Influence of Annealing and Composition on Crystal Structure of Mixed-Halide, Ruddlesden-Popper Perovskites
March 19, 2022
Hybrid organic-inorganic semiconductors, such as hybrid perovskites, are crystalline materials with unique properties derived from the organic or inorganic components. Resonant infrared matrix-assisted pulsed laser evaporation (RIR-MAPLE) is a gentle physical vapor deposition technique that can enable 2D hybrid perovskite thin films that are difficult to realize by solution-based processing.
This work describes the RIR-MAPLE deposition of a model 2D hybrid perovskite material system, namely phenethylammonium lead halide [(PEA)2PbX4] perovskites (n=1). Different schemes for delivery of precursor materials to the substrate, as well as different mixed halide compositions, are demonstrated using RIR-MAPLE, and the film morphology, crystal structure, and optical properties are characterized.
RIR-MAPLE-deposited, mixed-halide layered perovskites [(PEA)2Pb(I1-xBrx)4] do not require post-growth annealing. The energetically preferred molecular arrangement of mixed-halide alloys was shown to be associated with (PEA)2PbBr4. Also, it was discovered that bromine prefers to occupy equatorial positions in mixed halide octahedra.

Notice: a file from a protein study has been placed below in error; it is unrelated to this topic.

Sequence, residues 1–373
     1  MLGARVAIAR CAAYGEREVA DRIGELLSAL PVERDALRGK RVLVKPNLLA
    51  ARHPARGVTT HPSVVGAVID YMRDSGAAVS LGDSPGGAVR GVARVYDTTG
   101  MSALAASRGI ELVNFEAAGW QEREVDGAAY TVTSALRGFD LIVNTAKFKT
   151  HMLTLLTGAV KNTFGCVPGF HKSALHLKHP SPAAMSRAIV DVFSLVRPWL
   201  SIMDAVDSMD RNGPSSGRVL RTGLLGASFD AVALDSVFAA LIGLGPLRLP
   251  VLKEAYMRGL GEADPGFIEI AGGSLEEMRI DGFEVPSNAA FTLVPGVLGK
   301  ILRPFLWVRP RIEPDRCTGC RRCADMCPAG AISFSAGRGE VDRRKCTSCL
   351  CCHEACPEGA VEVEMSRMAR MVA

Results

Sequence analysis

Significance and Impact
This work represents a significant advance in materials chemistry knowledge about mixed-halide, n = 1 Ruddlesden-Popper perovskites in response to post-growth annealing, a widely used processing procedure, and halide composition, a common technique for bandgap tuning.
RIR-MAPLE enabled these observations via compositionally well-mixed perovskite films that do not require annealing, thereby providing unambiguous distinction between properties of as-deposited films and effects of post-deposition annealing.